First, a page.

Child Abuse in Brazil in Marriage Conversation
A recent news item in the N.Y. Times (Saturday, March 28, 2009) followed up an earlier report on the abuse of young girls in Brazil.
The story centered on a nine year old girl who was impregnated as a result of rape by her stepfather. The girl who was pregnant with twins was taken to a doctor for an abortion. A Brazilian archbishop ‘summarily excommunicated everyone involved – the doctors for performing the abortion and the girl’s mother for allowing it – except for the stepfather who stands accused of raping the girl over a number of years… a high ranking Vatican official supported (the archbishop’s) recommendations.’
What the church does or doesn’t do about this looks to us like a huge opportunity for some serious gut checking on whether its doctrine reflects the compassion and common sense of its founder, Jesus of Nazareth, or whether political considerations dominate its teachings.
The reality that the apparent abuse of young girls by family members is increasing in Brazil got our attention. Healthy families provide for the safety of children. Unhealthy families do not. Healthy churches too help families become healthier. Reactive leadership at best misses the point, at worst, unintentionally perhaps, reinforces the behavior. It’s not excommunication that should be the first response – whether that’s dogmatically consistent with the teachings of the church or not – but compassion for the child. Isn’t that what Jesus taught? We think good religion like a good marriage takes the needs of the child first.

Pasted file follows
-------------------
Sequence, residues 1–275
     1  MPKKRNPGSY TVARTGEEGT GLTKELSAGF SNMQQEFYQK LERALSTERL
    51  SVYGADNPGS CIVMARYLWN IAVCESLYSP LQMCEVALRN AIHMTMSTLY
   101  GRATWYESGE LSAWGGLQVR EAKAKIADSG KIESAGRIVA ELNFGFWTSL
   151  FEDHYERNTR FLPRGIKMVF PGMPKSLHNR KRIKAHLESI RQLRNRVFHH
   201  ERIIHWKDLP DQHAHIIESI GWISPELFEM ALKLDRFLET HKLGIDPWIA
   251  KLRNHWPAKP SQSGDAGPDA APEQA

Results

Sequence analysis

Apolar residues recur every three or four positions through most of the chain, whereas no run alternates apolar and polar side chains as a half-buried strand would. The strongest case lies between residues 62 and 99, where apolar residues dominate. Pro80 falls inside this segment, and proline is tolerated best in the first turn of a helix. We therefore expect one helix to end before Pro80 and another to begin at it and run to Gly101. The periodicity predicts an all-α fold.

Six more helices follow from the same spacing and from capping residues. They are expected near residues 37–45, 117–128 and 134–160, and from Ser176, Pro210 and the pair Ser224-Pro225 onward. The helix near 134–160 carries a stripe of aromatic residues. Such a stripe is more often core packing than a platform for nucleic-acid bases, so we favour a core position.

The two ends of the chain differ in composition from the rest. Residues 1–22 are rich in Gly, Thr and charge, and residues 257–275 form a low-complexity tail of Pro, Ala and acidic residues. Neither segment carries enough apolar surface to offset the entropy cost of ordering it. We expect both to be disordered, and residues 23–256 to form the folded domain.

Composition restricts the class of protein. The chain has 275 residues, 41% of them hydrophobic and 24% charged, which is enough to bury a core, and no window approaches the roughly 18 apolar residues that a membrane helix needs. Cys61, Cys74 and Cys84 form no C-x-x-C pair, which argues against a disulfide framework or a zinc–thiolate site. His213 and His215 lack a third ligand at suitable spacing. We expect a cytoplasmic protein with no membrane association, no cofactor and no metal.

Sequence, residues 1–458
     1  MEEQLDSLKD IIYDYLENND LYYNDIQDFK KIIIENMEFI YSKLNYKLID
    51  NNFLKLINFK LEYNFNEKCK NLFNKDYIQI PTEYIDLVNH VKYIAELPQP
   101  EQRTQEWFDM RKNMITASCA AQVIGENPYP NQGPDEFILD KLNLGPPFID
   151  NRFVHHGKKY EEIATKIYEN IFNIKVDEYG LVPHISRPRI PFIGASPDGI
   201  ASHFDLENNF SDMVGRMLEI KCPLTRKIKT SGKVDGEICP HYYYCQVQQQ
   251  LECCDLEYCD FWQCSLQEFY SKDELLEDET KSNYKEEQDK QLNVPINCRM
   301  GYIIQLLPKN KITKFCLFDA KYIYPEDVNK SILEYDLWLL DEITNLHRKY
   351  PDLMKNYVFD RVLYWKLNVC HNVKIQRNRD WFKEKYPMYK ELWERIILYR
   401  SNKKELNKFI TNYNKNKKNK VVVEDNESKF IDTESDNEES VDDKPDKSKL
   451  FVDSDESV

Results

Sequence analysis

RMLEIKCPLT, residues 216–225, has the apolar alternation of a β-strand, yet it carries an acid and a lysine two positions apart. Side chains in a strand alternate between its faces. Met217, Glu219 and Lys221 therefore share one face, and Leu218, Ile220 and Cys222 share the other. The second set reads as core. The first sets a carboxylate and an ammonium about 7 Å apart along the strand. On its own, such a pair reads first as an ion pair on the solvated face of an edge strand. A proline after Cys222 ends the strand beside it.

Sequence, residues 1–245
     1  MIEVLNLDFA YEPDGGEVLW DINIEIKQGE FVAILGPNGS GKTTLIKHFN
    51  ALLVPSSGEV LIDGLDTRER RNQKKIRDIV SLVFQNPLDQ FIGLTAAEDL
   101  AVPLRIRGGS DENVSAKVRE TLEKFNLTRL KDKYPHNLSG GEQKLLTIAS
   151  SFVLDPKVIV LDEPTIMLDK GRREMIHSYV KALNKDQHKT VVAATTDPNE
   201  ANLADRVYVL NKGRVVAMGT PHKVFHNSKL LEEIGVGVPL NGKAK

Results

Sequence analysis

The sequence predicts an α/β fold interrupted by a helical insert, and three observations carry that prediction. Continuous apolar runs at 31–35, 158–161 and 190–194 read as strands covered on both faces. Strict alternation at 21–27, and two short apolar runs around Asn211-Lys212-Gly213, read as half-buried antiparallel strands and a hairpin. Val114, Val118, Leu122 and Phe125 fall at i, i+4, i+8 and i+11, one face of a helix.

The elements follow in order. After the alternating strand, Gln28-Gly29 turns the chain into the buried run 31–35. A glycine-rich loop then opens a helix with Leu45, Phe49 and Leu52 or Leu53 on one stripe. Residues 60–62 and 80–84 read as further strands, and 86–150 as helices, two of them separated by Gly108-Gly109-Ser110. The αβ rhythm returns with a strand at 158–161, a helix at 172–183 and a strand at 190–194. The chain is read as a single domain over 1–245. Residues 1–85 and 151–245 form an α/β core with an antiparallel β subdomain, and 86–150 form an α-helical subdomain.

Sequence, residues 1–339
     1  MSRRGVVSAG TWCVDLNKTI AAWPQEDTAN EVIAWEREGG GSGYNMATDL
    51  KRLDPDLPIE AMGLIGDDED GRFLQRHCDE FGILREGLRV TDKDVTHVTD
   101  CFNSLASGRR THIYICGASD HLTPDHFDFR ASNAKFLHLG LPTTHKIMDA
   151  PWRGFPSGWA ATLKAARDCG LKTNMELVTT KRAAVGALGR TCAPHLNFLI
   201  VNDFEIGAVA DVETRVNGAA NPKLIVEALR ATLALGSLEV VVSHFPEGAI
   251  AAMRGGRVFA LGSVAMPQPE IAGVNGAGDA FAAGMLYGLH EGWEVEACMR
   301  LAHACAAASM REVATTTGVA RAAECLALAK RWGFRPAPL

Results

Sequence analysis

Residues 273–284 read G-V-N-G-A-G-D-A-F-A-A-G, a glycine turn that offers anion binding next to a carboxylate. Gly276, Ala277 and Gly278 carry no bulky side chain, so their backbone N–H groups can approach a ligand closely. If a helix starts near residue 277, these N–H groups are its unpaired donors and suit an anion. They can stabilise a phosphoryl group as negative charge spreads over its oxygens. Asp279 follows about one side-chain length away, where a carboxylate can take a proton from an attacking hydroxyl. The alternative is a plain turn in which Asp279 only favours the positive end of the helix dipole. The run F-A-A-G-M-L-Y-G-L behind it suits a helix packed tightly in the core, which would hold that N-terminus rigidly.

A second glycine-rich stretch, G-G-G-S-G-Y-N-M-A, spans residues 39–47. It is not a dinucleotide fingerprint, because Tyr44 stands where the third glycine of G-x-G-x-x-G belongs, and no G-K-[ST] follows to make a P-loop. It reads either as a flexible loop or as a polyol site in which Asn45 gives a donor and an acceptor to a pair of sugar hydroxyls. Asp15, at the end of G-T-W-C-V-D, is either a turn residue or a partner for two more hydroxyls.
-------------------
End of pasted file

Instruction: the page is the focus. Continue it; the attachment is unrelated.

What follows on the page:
We think good marriages embrace challenges and go to great expense of effort and thought to ‘do the right thing.’ Good marriages embrace conflict, open to new ideas, look for effective and empathic ways to communicate, define their vision taking into consideration as many critical factors as possible.
Abuse usually looks like unilateral action by the person in power. It looks like disregard of the needs or dignity or legitimacy of the one abused. Whether it’s the church, or the parents, or the doctor or the principal or the judge – the full weight of responsibility for conscientious response to something so abhorrent as the rape of a child is on those with the power to do something that is compassionate first of the child or children.
“Suffer (that is to say, ‘let’) the little children to come to me, for they are the kingdom of heaven.”